New Volume Brings Eisenhower to Life

By Kingseed, Cole C. | Army, November 2010 | Go to article overview

New Volume Brings Eisenhower to Life


Kingseed, Cole C., Army


New Volume Brings Eisenhower to Life Going Home to Glory: A Memoir of Life with Dwight D. Eisenhower, 1961-1969. David Eisenhower with Julie Nixon Eisenhower. Simon & Schuster. 336 pages; black-and-white photographs; index; $28.

Despite the plethora of biographies of GEN Dwight D. (Ike) Eisenhower, no single volume addresses the period between Ike's transfer of presidential power in January 1961 and his death on March 28, 1969. Until now, that is. Even more so than Eisenhower biographer Stephen E. Ambrose, grandson David Eisenhower and his wife, Julie Nixon Eisenhower, present a highly personal - albeit highly subjective - portrait of one of the most beloved figures of the 20th century. Subtitled "A Memoir of Life with Dwight D. Eisenhower, 19611969," Going Home to Glory is actually David's recollections of his grandfather during Ike's Gettysburg, Pa., years. In the words of the late correspondent Daniel Schorr, these reminiscences reflect "unashamed nostalgia" for a beloved grandfather who was sometimes at odds with the changing times of the turbulent 1960s.

In examining Ike's final decade, the two younger Eisenhowers reveal a surprisingly complex man, concerned, but not consumed, with his place in history. The Eisenhower who emerges from these pages is an Eisenhower who was never comfortable with political life. Never completely at home in the company of women, Ike remained a late Victorian-era man who prized his professional associates more than his female companions and who loved his country above all else. Valuing his military career more than his two terms as the nation's chief executive, Ike stated repeatedly that with the declassification of federal documents. "facts will tell the real story" behind the contemporary view of Eisenhower as a "chairman of the board" President who yielded presidential power to White House chief of staff Sherman Adams and his more famous secretary of state, John Foster Dulles.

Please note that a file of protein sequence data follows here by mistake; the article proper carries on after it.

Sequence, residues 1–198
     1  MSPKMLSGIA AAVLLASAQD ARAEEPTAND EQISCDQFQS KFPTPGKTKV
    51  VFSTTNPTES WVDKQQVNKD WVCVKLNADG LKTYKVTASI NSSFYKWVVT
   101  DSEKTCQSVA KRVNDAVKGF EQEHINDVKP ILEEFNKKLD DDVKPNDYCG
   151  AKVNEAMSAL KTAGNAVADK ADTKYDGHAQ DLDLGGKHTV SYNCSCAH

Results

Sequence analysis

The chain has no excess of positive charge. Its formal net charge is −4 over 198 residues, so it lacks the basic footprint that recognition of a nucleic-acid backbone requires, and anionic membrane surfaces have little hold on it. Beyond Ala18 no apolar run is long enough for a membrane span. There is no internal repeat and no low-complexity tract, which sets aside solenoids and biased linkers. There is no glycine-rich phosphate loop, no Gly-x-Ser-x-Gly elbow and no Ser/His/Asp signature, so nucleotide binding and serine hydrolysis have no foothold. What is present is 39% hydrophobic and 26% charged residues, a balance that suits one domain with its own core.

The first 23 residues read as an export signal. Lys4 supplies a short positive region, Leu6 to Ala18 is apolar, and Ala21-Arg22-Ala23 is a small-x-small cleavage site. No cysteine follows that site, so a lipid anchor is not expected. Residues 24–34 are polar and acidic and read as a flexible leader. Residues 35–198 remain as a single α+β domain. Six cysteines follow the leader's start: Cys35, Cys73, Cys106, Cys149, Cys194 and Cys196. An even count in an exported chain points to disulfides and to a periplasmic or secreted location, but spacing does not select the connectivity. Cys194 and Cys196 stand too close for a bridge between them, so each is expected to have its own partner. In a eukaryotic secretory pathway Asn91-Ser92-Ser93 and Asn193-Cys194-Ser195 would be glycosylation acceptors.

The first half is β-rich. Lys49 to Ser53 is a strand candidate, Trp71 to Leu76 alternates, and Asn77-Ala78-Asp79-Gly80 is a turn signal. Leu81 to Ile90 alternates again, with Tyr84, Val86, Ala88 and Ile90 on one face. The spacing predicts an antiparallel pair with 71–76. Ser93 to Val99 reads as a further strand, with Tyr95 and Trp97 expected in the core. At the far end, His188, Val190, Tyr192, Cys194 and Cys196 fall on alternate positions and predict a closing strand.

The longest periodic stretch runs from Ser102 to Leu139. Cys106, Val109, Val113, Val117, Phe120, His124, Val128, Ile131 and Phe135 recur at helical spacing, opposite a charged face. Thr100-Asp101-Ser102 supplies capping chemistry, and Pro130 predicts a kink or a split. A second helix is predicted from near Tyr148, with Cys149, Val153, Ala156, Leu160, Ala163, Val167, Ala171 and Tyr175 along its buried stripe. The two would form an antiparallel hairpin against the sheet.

Using personal letters and interviews, David and JuKe Eisenhower address historian Ambrose's major criticism that Ike failed to use the office of the presidency as a "bully pulpit" to advance civil rights. On the contrary, opine the authors. Though Eisenhower disapproved of the Supreme Court's activism, he supported Chief Justice Earl Warren's decision in Brown v. Board of Education of Topeka, Kan., that segregation in public schools was unconstitutional. As President, Eke emphasized "compliance with the law" while he "laid the foundation for steady but certain progress, without loss of life."

One of the more interesting sections of Going Home to Glory centers on Ike's relationships with those Presidents who preceded and succeeded him in office. Eisenhower's relationship with Harry S Truman was "frozen in mutual antagonism" as soon as Ike energetically campaigned against Truman's record in 1952. Though pressured by fellow Republicans in spring 1961 to criticize his successor, John F. Kennedy, Eisenhower refused because "as emeritus, I must be silent." Consequently) Ike and Kennedy remained openly cordial, but the two Presidents were wary of each other.

Mutual respect characterized the Eisenhower-Johnson relationship, but Eisenhower maintained strong reservations about Johnson's ability to handle the presidency.

Equally intriguing is Eisenhower's support of Johnson's escalation of the Vietnam War despite Eisenhower's own reluctance to deploy ground forces and to "go it alone" against the Viet Minn in 1954.

Eleven years later, Ike felt that Johnson was "using" him, but once Johnson made the decision to intervene militarily, Ike felt that the United States must win. …

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